Before you build up your Self-Esteem, there is one thing you need make sure is taken care of first. There is no getting around it, because if you do not have these things, you can not have steady self-esteem. That is – meeting your BASIC needs first!
Our Basic Needs
That’s right – our basic needs must be met before we can start pumping our self-esteem back up. Basic needs are what we need for human survival. Yes, this includes shelter, food, water, etc; but there is more to our basic needs than that. According to Abraham Maslow, we have a “Hierarchy of Needs” that consists of 5 levels. I will list them in the order they need to be met. Note, you cannot move to one level, without first meeting the needs of the one before it.
- Physiological: This is obvious, because your physiological needs must be the first thing met to survive. This is oxygen, food, water, sleep.
- Safety Needs: This can be addressed once physiological needs are met. This would include clothing, shelter, and a stable environment. A stable environment is one in which the person is not experiencing war, natural disaster, abuse, or violence of some sort. An unstable environment could also be one in which financial uncertainty exists, or lack of job security. Lack of income can lead to lack of ability to pay for shelter and food. Lastly, a safety is met when the person is not experiencing a physical illness. If someone is battling cancer, or their health is doing quite poorly, the person’s life is essentially in danger, therefore they are not safe.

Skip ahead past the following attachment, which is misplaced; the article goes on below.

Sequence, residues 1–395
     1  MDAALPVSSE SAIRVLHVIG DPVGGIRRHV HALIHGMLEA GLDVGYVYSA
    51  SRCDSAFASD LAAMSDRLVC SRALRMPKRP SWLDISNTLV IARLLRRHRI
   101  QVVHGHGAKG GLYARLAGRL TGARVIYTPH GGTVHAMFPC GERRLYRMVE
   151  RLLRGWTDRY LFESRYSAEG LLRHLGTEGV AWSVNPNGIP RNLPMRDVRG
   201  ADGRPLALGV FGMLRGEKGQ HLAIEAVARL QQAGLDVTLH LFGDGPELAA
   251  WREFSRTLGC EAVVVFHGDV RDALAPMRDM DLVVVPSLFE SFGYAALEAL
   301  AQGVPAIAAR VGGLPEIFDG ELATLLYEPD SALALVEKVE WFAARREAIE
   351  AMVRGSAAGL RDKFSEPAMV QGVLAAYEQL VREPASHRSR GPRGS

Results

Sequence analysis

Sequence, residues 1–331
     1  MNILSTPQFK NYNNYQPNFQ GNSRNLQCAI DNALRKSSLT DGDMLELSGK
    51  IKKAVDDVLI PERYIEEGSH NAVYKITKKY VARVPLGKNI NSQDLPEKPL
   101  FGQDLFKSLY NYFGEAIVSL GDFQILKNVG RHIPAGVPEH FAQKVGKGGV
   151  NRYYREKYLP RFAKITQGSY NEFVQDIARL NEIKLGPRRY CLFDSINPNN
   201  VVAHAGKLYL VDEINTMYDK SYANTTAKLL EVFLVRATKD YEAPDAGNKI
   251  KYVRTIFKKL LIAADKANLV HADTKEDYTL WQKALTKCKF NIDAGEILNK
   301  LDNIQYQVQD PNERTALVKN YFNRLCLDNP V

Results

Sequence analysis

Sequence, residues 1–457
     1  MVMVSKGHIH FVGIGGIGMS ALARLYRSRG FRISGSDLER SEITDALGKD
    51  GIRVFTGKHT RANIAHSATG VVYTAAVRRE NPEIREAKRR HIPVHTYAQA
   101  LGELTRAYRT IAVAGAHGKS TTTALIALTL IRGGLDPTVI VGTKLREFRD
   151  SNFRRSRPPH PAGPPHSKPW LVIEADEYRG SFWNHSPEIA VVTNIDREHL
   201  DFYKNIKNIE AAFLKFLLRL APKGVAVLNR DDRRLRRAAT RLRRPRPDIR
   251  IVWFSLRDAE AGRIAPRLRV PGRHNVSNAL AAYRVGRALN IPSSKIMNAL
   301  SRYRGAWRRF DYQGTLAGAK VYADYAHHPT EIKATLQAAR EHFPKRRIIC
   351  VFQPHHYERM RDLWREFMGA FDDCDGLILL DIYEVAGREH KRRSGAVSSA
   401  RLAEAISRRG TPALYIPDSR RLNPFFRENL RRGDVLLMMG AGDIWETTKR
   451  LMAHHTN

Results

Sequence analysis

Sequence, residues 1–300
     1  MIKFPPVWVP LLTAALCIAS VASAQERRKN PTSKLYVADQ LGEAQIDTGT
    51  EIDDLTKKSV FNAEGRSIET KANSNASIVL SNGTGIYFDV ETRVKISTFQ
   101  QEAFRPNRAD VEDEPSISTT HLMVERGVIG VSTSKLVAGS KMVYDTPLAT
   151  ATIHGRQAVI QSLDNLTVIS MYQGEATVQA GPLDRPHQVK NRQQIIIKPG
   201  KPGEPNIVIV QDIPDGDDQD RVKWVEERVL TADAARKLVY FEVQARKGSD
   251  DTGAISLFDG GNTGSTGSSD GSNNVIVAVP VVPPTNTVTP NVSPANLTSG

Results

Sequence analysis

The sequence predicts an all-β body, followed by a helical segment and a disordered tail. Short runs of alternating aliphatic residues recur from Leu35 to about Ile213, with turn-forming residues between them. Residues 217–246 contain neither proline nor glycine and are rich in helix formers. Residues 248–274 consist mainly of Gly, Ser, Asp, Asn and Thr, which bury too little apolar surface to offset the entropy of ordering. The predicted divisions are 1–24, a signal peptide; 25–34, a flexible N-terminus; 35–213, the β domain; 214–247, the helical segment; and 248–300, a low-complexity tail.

- Love and Belonging: Once we are physically safe, we all need love and belonging. Humans are social beings, and need love and affection from others. Things that cause us to feel unloved or unbelonging would be neglect, being bullied at school, lack of friends, or being shunned in any shape or form. A sense of belonging could come from being around family, being around friends you have developed at work, social clubs, a close-knit group of friends.
- Esteem: Esteem is essentially self-esteem. This is the level at which we are hoping to get to. When we have esteem, we have respect for ourselves. When we feel we are not respected by others, we lose self-confidence, and respect for ourselves. Maslow notes that there are two levels of esteem, a lower one, and a higher one. The lower one is respect from others, desire for attention, and higher status. The higher level is self-respect, internal strength, independence, and self-confidence. So, it starts off with how we feel others views us, and ends in how we view ourselves.
- Self-Actualization: This is the ultimate level of need. Once we reach this, any need we could have is met. Once we have achieved self-actualization, we feel we have met our potential, and need nothing else. For example, if our goal is to be a happy person, great parent, great teacher, or the best friend we can be – we have reached self-actualization when we feel we have met these goals that we hold so valuable to ourselves.